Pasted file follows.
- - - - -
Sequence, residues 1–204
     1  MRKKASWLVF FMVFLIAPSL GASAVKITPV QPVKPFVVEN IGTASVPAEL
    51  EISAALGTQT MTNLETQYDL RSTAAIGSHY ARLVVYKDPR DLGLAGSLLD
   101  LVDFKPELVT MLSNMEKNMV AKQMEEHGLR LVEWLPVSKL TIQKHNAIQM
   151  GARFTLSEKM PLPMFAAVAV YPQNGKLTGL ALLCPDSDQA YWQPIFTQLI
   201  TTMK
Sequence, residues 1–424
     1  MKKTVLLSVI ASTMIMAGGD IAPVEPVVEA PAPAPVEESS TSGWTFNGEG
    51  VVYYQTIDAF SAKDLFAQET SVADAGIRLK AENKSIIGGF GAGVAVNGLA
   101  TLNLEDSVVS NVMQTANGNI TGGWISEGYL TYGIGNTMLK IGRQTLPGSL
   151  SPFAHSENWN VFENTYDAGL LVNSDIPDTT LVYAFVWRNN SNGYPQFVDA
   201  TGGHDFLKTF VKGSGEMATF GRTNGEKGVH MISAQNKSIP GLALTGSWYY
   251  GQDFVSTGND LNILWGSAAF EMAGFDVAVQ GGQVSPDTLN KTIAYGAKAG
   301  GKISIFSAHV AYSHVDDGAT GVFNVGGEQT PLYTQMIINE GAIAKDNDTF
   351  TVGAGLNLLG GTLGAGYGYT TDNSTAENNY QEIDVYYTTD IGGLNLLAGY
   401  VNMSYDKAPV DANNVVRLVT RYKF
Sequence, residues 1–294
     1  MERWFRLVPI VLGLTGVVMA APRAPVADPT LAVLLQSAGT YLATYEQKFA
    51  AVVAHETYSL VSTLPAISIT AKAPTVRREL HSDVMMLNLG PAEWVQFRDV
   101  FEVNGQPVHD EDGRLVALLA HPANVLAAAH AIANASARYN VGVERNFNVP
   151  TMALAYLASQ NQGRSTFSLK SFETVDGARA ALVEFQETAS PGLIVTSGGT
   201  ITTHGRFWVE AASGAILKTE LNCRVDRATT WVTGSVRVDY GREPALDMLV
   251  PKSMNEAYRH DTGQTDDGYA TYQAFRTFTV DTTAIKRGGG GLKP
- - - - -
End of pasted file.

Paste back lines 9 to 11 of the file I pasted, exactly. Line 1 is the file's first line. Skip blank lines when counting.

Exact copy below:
    51  VVYYQTIDAF SAKDLFAQET SVADAGIRLK AENKSIIGGF GAGVAVNGLA
   101  TLNLEDSVVS NVMQTANGNI TGGWISEGYL TYGIGNTMLK IGRQTLPGSL
   151  SPFAHSENWN VFENTYDAGL LVNSDIPDTT LVYAFVWRNN SNGYPQFVDA